During summer 2021, we conducted our biggest ever young residents’ survey. Working with Partnership for Young London and our local schools, we asked children and young people about the impact of the COVID-19 pandemic and subsequent lockdowns on their lives. We wanted to hear from as many children and young people as possible and worked hard to ensure that young residents from across Merton could take part and have their voices heard and their opinions included. We received over 2,000 survey responses to our survey and met over 150 young people in focus groups sessions across the borough.

The project has provided the council with wealth of feedback from Merton’s young people on the impact of COVID-19 on their mental and physical health; on their personal relationships, on the impacts to their education over the past two years; on their views on safety and the Police in Merton and on how young people felt about their local environment. These valuable insights helped inform ‘Merton 2030: our ambition for the borough’ and Merton’s Children’s Trust are working to drive the impact of the report and ensure that the key points and recommendations from the Merton Youth Parliament and Young Inspectors are addressed.

Read the full report on the project. In addition, please watch Merton’s Young Inspectors present the key findings of the project in this report summary video.

Merton's Youth Residents Survey

Hello! We are Young Inspectors.


A group of young people who live, learn and socialise in Merton.


The council wants to know how COVID has affected people like us and what we want for the future.


So they handed the power to us to investigate.


To do this, we created surveys and hosted focus groups.




Around 35 thousand minutes from over 2 thousand young people!


You’ve probably contributed through your school or youth group.


Maybe you even recognise us?


These are our findings.


This is our voice.

( TEXT ON SCREEN: This Is Our Voice )


(TEXT ON SCREEN: We spoke to over 200 young people in-person through their schools, youth or sports clubs.


This film features some of our interviews with members of Uptown Youth Club. )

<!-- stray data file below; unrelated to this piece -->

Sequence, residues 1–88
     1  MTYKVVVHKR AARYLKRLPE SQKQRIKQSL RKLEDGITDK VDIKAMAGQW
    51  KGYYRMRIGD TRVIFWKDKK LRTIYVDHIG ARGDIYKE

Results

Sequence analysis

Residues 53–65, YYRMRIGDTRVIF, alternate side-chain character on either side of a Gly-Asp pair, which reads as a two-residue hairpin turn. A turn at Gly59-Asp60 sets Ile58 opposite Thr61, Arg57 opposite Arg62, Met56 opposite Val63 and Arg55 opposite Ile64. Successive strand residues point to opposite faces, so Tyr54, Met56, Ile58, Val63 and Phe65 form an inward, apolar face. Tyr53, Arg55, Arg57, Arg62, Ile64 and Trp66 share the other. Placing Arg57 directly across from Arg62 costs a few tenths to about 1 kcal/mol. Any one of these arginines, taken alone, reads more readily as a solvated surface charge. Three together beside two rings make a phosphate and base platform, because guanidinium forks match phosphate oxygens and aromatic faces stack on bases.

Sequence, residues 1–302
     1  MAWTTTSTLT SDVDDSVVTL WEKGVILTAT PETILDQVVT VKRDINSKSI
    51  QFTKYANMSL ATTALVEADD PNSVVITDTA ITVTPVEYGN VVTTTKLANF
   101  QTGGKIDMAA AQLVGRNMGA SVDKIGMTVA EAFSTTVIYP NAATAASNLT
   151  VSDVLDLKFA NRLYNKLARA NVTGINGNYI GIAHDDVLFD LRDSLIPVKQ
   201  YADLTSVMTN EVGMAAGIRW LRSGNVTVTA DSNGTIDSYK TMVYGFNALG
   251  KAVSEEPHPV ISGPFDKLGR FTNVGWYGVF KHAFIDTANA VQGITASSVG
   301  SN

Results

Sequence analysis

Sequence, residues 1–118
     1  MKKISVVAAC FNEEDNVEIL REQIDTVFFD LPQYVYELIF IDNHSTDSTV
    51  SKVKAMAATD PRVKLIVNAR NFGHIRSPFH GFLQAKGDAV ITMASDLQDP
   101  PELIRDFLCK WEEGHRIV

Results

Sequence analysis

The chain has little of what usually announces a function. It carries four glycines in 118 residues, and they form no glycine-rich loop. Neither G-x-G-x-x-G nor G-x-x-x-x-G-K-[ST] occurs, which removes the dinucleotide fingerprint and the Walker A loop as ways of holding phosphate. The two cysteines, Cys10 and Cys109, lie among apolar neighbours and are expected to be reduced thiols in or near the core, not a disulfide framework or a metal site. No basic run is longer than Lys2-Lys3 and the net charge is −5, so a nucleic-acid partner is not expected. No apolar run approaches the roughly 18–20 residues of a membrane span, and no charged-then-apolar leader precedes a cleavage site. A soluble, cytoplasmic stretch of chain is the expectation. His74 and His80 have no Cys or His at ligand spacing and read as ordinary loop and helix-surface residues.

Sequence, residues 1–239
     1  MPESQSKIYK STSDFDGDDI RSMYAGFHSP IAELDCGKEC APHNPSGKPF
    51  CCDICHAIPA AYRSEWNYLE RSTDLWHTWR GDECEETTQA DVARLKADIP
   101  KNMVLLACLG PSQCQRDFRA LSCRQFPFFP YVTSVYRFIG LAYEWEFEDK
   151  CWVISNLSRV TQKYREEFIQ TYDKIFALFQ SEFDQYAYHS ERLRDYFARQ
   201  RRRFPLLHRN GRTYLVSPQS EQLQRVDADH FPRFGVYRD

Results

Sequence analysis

We found that over a third of young people in Merton were worried about their mental health during lockdown.


Many of us felt bored and more anxious, either about our loved ones getting COVID-19 or falling behind at school and sports.


Many young people still rely on their friends and family for support for their mental health rather than going to GPs or Mental Health Professionals.


Young people also told us that they spent way more time looking at screens during lockdown but this was largely to keep in contact with their friends on social media apps.


Our screen time was like much longer.


I’m talking like hours!


 TEXT ON SCREEN: Amarylis; Thearsa


Like, hours a day…


Probably more than half the day on our screens, for me personally.


(Interviewer) Did that affect your sleep?


Yeah, a hundred percent.


We’d be up until like 3 o’clock in the morning




Or like 4 o’clock in the morning just sitting there on our phones or laptops or iPads or whatever.


TikTok, YouTube


Just doing so much-




(TEXT ON SCREEN: Annemarie)


I was on my phone everyday.


It helped me to build a lot more connections with my friends.


Normally, I’d see them at school and then I wouldn’t speak to them until the next day of school but now that I’ve got them over the phone, I’m on the phone to them for about 12 hours.


I went on my phone one time and it said I was on screen time for 14 hours!


I was shocked but I think that’s just because we didn’t have nothing else to do.


It was quite boring during lockdown.




One out of 10 young people said that they had to skip meals because there wasn’t enough food.




Whilst 1 in 20 had to not eat for a whole day because there wasn’t enough food.


I was actually helping people get food as well.


In my household we were giving out boxes of cans and stuff to my neighbours and stuff.


So we was helping our community.


But then, I was (also) making a lot of new foods and stuff with siblings and doing a lot of cooking with them.


Yeah, I found myself… making concoctions, I guess you could call it, with food and not just food but different things, like stuff for my hair for example and baking and just found myself in the kitchen more often than usual.


Over a third of young people said that COVID-19 and lockdown had a positive impact on their relationship with family.




We found that many young people had used this time to bond with their parents or siblings.